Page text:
Wednesday, July 7, 2010

Codename: Mandelbrot

It’s been a while since the last time I wrote something to this blog, so I decided to do something about it—here it is, a new post, alright. This new game idea is something that came to me yesterday when I was trying to make a Twitter background using these Mandelbrot fractals. Adobe Illustrator turned out to have one interesting feature—that is, whenever you paste a raster object into it, it wants you to use only white brush over it. It’s probably possible to change the whole thing and draw rainbow-colored unicorns, but I was too lazy to try and find out about that. So, basically, I decided that this whole fractal is a living creature and the player controls another creature, which is small and stands on the surface of the big one. And that’s when things get fun.

As you can see from my picture, the whole idea of the game is to wake the sleeping monster. Let’s say, our character is lost in the land of the grey, while it is supposed to be with light, and the only way to get her there is to wake up the fucker. So, here it is, a goal—but how do we achieve it, right?

I’ve been asking myself this question for quite some time now, and noticed that everyone, whom I have shown this picture to, thought that those hearts in the top left corner of the screen are lives of the character. But why does she need lives? Can she even die? Obviously, not. The only bad thing that can happen to her is staying on the surface of Mandelbrot (yeah, let’s give it a name). This makes the game a puzzle. And a puzzle always has a solution and some means of achieving it. That is, knowing where the jigsaw piece has to go is not enough—you also need hands to put it in place. So, here is where the real game design begins.

The player has precisely three control keys: right, left and up. By pressing right, they can rotate Mandelbrot clockwise. By pressing left—counterclockwise. When the player rotates Mandelbrot, the character runs at the same place, while the surface changes its position. By pressing up—jump. The height of jumping varies in different parts of Mandelbrot. In fact, gravity changes in different parts of it. The height of jump in each and every part of Mandelbrot is measured by Score in the lower right corner of the screen. This way, the player can see how high they can jump.

So, as I have already mentioned, the hearts are pretty odd, since the character can’t die or be damaged in any way. Why do we need them then? Well, this is exactly the goal of the game. The player has to take a heart (one at a time) and give it to Mandelbrot. Then the creature will start seeing another dream, will change sides, and this will lead to a change of physics by which this little world is operated. The player may take only one heart at a time, and when they do, the remaining hearts change their position. In order to get a heart, the player has to jump precisely to the height at which they hang. In case of jumping higher, they miss the hearts, since the character can grab only at the highest point of the jump. If they jump lower, the character can’t reach the hearts.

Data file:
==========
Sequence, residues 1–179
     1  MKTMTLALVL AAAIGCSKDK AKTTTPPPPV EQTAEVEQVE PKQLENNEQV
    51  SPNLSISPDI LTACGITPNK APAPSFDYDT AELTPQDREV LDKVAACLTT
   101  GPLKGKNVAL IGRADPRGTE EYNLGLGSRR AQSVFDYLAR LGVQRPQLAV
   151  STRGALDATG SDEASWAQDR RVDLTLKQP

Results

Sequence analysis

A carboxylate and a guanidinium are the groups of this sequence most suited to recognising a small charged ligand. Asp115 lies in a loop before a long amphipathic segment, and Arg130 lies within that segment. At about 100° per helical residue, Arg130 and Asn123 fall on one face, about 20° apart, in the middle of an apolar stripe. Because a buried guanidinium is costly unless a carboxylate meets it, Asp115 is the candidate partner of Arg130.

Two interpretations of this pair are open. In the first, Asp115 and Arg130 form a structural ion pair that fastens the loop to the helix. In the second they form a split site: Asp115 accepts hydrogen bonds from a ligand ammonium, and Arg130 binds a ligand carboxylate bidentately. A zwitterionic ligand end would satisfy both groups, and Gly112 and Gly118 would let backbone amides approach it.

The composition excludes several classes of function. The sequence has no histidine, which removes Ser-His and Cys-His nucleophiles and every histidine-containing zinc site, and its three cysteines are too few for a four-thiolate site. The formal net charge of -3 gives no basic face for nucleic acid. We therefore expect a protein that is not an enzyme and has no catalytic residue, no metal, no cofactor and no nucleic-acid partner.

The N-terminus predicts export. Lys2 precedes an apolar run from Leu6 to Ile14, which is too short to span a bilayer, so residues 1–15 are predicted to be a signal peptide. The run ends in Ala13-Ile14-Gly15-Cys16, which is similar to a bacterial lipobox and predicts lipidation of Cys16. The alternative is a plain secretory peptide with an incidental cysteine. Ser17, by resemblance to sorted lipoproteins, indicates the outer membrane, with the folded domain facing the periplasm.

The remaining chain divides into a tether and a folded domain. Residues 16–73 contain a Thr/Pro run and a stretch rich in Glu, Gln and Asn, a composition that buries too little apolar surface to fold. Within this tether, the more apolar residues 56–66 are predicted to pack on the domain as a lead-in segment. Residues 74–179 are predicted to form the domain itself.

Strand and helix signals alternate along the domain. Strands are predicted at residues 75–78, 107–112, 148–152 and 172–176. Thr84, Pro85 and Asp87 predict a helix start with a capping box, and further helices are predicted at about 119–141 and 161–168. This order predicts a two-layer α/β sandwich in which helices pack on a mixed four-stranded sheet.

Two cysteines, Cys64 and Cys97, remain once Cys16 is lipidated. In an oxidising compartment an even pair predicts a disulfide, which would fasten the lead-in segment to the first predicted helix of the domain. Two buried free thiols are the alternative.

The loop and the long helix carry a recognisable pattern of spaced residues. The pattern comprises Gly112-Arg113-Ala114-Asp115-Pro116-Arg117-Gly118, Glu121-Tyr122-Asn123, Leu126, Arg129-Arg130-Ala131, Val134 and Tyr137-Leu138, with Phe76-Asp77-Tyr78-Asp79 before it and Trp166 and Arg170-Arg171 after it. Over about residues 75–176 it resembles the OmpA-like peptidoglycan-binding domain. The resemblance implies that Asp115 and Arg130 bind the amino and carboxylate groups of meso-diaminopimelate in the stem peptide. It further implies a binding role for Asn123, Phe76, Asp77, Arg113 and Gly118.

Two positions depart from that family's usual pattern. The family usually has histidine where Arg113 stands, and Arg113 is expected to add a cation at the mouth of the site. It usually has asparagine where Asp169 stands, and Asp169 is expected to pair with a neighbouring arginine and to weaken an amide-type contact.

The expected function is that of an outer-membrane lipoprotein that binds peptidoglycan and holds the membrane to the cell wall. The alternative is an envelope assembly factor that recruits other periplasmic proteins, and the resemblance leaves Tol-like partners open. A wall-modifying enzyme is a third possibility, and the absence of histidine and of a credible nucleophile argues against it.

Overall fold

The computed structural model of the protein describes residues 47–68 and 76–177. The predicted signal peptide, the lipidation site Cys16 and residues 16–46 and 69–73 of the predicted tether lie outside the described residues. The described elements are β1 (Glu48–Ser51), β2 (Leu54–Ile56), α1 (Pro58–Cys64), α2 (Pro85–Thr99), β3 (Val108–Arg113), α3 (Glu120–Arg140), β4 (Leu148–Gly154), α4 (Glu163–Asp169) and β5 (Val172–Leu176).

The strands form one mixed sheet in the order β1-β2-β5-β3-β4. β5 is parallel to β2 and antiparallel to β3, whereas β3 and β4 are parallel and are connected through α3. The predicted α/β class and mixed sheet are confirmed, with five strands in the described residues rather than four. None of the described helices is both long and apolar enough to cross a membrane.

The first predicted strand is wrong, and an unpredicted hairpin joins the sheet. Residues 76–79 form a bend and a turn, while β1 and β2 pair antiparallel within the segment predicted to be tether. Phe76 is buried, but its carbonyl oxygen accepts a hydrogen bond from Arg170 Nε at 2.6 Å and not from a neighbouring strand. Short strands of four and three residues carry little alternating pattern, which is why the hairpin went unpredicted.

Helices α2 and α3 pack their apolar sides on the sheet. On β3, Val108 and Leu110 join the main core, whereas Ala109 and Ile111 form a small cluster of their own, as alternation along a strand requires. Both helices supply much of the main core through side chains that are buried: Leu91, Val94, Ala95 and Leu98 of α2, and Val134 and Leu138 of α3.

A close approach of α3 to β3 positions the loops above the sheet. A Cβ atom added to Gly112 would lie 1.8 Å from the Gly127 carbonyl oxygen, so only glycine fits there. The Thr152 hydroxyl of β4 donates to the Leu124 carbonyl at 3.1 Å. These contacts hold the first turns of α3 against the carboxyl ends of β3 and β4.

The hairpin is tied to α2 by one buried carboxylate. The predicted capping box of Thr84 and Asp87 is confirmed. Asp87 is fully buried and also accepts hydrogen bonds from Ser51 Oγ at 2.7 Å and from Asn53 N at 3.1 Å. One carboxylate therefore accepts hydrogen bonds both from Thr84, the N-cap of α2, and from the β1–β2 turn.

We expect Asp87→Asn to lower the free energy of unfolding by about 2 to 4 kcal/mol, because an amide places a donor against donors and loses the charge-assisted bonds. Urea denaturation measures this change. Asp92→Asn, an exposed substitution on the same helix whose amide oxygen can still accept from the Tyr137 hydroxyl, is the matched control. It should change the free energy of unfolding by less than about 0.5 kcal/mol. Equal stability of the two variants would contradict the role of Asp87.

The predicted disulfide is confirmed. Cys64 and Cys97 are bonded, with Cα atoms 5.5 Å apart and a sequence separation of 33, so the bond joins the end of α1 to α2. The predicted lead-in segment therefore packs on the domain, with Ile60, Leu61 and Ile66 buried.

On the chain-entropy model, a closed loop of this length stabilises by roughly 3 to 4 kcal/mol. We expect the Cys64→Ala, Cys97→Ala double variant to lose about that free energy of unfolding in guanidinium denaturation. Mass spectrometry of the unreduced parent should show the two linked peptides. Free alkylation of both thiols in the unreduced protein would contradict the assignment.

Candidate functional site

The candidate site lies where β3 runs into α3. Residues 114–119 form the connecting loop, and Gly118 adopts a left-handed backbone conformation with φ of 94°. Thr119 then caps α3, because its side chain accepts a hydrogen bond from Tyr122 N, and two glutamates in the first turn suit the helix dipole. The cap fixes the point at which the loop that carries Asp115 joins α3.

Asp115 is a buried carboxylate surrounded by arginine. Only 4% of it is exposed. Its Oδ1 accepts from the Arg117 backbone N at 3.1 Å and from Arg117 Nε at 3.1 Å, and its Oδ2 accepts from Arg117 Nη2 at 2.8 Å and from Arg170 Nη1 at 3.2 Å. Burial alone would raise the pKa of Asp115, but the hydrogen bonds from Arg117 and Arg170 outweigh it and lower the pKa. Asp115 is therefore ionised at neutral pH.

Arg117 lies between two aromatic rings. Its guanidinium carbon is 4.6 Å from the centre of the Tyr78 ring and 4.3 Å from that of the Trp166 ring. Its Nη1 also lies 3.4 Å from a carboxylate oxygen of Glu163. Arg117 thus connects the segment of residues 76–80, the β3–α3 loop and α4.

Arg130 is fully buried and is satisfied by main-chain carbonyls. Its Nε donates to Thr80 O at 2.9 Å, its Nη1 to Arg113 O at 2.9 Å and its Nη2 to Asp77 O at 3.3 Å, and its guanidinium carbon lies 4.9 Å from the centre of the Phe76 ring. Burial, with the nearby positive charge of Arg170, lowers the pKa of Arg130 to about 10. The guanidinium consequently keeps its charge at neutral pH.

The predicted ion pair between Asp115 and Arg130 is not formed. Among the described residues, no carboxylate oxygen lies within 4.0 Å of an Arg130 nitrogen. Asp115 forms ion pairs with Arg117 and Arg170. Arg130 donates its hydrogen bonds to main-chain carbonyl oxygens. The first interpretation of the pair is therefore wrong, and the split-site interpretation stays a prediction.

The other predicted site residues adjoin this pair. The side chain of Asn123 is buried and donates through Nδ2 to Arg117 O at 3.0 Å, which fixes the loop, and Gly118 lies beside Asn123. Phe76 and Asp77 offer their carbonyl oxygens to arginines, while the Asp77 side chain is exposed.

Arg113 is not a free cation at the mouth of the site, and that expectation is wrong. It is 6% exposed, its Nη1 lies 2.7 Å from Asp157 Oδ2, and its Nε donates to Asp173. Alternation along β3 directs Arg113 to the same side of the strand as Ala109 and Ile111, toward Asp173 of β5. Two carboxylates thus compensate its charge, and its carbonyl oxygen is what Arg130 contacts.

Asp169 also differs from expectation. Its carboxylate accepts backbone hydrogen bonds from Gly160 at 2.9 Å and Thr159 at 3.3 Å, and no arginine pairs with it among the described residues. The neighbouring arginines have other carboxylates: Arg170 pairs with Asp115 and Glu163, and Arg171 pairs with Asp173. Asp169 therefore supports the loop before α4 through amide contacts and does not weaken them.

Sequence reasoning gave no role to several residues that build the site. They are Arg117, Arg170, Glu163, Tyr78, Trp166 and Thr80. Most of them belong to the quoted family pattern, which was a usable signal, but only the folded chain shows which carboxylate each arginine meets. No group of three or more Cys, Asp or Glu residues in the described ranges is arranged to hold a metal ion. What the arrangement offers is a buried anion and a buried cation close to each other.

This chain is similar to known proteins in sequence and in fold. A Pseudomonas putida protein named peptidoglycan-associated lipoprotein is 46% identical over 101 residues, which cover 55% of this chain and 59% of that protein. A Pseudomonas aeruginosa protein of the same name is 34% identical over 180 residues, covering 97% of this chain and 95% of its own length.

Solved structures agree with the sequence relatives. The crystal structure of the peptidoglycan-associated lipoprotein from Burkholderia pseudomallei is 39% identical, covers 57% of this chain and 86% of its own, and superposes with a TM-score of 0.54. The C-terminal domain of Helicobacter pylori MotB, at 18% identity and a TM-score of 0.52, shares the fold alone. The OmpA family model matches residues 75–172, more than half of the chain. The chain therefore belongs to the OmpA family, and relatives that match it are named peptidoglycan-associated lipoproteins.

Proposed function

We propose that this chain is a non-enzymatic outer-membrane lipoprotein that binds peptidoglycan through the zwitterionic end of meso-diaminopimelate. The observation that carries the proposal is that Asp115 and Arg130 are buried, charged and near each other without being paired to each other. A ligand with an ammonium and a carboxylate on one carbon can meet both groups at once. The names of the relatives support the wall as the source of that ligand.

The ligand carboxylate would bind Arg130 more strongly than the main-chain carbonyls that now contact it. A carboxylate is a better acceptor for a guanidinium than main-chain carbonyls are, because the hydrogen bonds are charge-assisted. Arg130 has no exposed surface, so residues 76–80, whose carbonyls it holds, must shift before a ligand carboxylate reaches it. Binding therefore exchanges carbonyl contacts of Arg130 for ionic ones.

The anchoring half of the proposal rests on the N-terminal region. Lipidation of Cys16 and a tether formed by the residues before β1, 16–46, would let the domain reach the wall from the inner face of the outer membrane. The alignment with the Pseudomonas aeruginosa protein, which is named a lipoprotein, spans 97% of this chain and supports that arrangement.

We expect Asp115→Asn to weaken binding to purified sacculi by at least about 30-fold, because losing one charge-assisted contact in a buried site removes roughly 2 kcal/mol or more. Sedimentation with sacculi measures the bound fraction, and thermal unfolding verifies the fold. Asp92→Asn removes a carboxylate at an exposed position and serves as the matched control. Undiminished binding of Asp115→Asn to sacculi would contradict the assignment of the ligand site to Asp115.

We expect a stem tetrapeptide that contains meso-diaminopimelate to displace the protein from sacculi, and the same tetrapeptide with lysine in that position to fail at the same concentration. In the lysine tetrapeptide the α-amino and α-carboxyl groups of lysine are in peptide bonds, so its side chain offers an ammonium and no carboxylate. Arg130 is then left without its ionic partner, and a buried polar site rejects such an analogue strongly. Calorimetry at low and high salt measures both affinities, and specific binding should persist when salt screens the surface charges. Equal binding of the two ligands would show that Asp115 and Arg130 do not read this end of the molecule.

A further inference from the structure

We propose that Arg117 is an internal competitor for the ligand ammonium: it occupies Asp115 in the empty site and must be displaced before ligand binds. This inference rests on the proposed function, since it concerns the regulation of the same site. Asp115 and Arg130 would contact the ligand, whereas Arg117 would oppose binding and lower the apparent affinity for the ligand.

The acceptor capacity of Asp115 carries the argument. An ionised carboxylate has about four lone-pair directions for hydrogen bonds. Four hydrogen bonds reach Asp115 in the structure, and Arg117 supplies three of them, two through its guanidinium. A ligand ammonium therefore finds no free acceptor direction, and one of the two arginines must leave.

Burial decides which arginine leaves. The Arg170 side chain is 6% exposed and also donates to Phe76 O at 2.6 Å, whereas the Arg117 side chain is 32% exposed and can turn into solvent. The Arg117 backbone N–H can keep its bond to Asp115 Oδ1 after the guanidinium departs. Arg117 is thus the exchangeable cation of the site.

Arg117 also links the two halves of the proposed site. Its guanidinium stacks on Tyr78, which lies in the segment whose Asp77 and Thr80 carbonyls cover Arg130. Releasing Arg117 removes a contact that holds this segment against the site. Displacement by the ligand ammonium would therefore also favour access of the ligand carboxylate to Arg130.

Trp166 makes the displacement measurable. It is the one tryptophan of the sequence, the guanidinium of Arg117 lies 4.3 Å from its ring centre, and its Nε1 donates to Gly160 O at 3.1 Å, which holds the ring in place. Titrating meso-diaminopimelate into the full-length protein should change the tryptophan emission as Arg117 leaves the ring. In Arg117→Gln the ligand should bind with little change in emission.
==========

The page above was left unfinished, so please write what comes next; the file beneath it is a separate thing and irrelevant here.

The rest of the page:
Rotate Mandelbrot → choose a position → jump and grab a heart → give the heart to Mandelbrot

When the last heart is given to Mandelbrot, he wakes up, sees the character, puts her in his mouth and simply spits her to the other universe. Happy ending.


  1. Question: how would you calculate the strength of gravity? Would it be dependent on the mathematical structure of the Mandelbrot or would you hard code it to make the puzzles interesting?

  2. That's an interesting question, which requires some deep understanding of this fractal, which I unfortunately don't have now. If I started designing the game, I would check how the numbers would look like depending on the mathematical structure, because it is conceptually more interesting, and if the difference in different parts was not dramatic enough, I would basically assign a score to each point of the Mandelbrot (in lower parts—lower, in higher parts—higher).

    There also would be a ruler measuring the hight with numbers related to the scores.